Kmart promotes fun, fitness, loyalty
HOFFMAN ESTATES, Ill. — Kmart is launching a new social media campaign called “Fit in the Fun” that promotes the enjoyment of healthy activities while also engaging members of its Shop Your Way loyalty program.
The program includes a dedicated Fit in the Fun website as well as a #FitintheFun hashtag campaign. In addition, celebrity fitness instructor Jillian Michaels (who has an established relationship with Kmart) offers online tips and also sells branded merchandise on the new site.
To promote social engagement, Kmart will reward the first 200 Shop Your Way members who post their wellness-inspired photos or videos to official Kmart social channels (tagging #FitInTheFun #ad and @Kmart) with a $25 gift card. Kmart is also tying the promotion to the brick-and-mortar channel with special Fit in the Fun discounts and Bluelight Specials, as well as free health/wellness giveaways, in stores.
Fit in the Fun reflects two growing ominchannel trends. First, retailers of health and wellness products are trying to become more involved in consumers’ daily lives with engagement programs tied to social media and even personal fitness and mobile devices.
Second, retailers of all types are increasingly realizing there are many “soft” benefits from social campaigns, such as increased brand awareness and visibility, worth pursuing. And of course driving store traffic and sales is a nice bonus if you can get it.
Latest Osteo Bi-Flex ads improve joint comfort and tickle funny bone
RONKONKOMA, N.Y. – NBTY will be promoting its recently-launched Osteo Bi-Flex Ease supplement with a pair of humorous ad spots during the Golden Globes presentation on Jan. 10, the company announced Friday.
Watch baby boomers benefit from newfound joint comfort at the expense of their kid’s discomfort – such as dad attempting the Macarena at his son’s wedding because he no longer has joint pain; or a daughter's worst nightmare playing out as her mom attempts to set her up with the yoga instructor – during yoga class.
"In just seven days your joint comfort can be your kids' discomfort," the ads boast.
The Golden Globes pulled in 19.3 million viewers last year. And viewers tweeted about the show 2.6 million times, up 24% from the year prior, according to NBC.
The new Osteo Bi-Flex Ease supplements are easier to swallow – 80% smaller than the originals. One mini-tab a day supplies Joint Shield, an herbal ingredient that helps with occasional joint flare-ups, and a natural source of collagen called UC-II that has been shown to improve joint comfort. People who take Osteo Bi-Flex notice improved joint comfort in as little as seven days.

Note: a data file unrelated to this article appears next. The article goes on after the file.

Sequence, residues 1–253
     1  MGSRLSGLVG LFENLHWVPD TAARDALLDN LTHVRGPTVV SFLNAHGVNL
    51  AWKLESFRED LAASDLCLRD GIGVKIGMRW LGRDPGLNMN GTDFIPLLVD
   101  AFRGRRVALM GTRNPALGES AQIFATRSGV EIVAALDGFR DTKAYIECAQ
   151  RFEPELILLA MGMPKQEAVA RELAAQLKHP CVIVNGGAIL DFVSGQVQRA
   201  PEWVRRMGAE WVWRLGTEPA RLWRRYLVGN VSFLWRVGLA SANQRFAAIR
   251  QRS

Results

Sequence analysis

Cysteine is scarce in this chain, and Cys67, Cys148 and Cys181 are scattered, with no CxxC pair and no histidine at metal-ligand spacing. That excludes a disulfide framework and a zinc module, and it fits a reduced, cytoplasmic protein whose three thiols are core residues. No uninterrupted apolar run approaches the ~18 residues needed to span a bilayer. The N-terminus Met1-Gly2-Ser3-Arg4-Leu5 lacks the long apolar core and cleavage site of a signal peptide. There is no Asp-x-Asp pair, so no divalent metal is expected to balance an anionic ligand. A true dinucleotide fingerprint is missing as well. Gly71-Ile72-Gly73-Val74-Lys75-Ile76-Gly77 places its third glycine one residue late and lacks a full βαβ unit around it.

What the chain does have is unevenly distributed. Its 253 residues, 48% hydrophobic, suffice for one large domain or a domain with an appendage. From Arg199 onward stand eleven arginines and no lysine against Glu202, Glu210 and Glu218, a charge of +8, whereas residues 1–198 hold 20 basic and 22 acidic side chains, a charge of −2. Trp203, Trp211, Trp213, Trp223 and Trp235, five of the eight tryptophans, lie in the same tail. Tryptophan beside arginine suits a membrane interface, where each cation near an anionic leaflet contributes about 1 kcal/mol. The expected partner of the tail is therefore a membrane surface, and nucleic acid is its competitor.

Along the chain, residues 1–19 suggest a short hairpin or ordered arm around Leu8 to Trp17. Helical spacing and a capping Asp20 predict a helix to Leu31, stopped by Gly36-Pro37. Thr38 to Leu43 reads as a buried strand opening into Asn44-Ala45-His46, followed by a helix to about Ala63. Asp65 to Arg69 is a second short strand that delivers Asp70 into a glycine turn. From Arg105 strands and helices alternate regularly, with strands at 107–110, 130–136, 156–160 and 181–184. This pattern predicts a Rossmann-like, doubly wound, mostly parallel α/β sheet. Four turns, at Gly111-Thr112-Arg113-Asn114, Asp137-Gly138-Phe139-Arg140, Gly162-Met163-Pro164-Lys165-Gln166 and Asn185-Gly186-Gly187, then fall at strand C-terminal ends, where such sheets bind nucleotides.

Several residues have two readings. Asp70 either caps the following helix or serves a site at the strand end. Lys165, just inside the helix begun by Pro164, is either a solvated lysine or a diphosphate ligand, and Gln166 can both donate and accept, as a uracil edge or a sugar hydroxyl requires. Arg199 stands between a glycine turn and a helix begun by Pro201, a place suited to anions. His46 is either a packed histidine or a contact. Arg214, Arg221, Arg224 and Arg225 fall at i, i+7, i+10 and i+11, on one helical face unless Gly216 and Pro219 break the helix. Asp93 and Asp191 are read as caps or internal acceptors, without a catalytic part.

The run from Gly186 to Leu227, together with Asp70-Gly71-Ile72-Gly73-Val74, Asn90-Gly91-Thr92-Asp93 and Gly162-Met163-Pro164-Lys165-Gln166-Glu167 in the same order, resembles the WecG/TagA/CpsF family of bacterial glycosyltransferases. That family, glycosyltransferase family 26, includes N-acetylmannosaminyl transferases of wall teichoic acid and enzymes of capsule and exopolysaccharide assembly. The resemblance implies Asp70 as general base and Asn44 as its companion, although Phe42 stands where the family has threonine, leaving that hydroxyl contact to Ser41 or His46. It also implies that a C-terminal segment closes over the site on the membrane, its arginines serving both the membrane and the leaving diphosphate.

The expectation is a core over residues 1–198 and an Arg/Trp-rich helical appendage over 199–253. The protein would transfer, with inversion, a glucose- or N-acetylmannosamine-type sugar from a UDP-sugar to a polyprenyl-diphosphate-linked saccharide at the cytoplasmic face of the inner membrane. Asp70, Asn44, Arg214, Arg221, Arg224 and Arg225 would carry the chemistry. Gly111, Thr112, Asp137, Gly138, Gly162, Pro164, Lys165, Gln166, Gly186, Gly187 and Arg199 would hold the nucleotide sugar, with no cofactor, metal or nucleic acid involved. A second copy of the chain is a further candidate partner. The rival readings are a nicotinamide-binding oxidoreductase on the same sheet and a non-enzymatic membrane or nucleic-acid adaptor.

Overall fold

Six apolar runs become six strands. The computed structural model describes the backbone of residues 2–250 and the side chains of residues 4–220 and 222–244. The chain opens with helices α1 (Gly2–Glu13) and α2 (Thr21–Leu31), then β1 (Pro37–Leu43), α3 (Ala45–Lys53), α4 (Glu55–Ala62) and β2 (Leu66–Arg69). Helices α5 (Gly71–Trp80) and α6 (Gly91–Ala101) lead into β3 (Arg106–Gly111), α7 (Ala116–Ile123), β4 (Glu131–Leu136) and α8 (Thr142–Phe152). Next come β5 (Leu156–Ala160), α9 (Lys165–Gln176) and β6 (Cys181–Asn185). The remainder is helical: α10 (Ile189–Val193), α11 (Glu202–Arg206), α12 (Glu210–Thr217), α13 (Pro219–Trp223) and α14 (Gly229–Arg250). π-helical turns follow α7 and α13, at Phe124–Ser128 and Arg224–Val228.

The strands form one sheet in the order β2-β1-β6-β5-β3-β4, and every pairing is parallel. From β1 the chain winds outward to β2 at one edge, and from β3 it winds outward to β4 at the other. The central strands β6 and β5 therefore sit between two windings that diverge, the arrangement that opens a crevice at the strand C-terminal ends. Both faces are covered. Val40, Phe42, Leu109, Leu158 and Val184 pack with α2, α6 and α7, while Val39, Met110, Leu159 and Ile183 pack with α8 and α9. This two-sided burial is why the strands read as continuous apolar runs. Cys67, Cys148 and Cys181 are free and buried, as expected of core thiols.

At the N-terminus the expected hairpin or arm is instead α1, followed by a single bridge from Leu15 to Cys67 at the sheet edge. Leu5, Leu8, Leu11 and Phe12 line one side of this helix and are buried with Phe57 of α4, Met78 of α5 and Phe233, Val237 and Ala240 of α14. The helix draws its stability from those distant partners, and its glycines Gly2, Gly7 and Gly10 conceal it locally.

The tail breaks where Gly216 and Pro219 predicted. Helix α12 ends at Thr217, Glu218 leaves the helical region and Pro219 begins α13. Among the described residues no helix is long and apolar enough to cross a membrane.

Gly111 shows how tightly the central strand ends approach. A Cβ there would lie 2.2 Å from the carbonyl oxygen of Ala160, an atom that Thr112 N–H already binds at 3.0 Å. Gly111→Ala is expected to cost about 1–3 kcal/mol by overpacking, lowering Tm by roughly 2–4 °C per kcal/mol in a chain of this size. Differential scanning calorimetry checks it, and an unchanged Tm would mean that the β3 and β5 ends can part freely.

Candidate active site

Wegmans to install induction hearing loops near the pharmacy counter
ROCHESTER, N.Y. – Wegmans Food Markets on Friday has begun installing induction hearing loop stations in its stores at pharmacy counters, customer service desks and designated checkout lanes to help its customers with hearing loss.
As many as 16 Wegmans stores currently have these hearing assistance systems – at least one store in each of the six states where Wegmans operates. More will be added in 2016, working toward a goal of having hearing loop systems in all Wegmans stores by the end of the year.
Induction hearing loop systems work seamlessly to help people wearing a hearing aid or cochlear implant equipped with a telecoil (T-coil), to hear speech more clearly. The hearing loop takes sound straight from the source and delivers it right into the listener's ear. These systems are in wide use in European countries and are becoming more common in the U.S., where about 70% of new hearing aids and all new cochlear implants have T-coils, according to the Hearing Loss Association of America.
“The beauty of induction loops is that they’re so unobtrusive,” said Matt Sawyer, whose information technology team at Wegmans is working on the installation project. “They help those who can benefit, while others in the area are usually unaware of the hearing loop’s presence. Those with hearing loss don’t have to ask others to speak up because the system helps them hear speech more clearly.”
Over the last year, Wegmans piloted this technology at several stores near its headquarters in Rochester, N.Y., working with audio-visual specialist Joseph Barone to design and install the hearing loop stations.
Here’s how hearing loop systems work – a condenser microphone built into a service counter or checkout lane captures the sound of an employee speaking. A “smart” amplifier removes background noise and sends the clarified sound to an induction loop, which converts it into a wireless electromagnetic field. The T-coil in a hearing aid or cochlear implant acts like an antenna, picking up the signal and delivering the sound directly from the source to the ear.
“We began planning this project in earnest with the help of folks from the Rochester N.Y. chapter of the Hearing Loss Association of America,” said Jo Natale, VP media relations. “They helped us understand what a difference these systems can make to those with hearing loss. We set up a pilot project, and the HLAA members were our ‘test pilots.’ They gave us great feedback about what worked well and what didn’t. This year, our plan is to bring hearing loops to pharmacy counters, service desks and one or more checkout lanes in every store.”
The standard sign that indicates the presence of a hearing loop (a line drawing of an ear with the letter T in the bottom right hand corner) will be posted in areas where loops are active.
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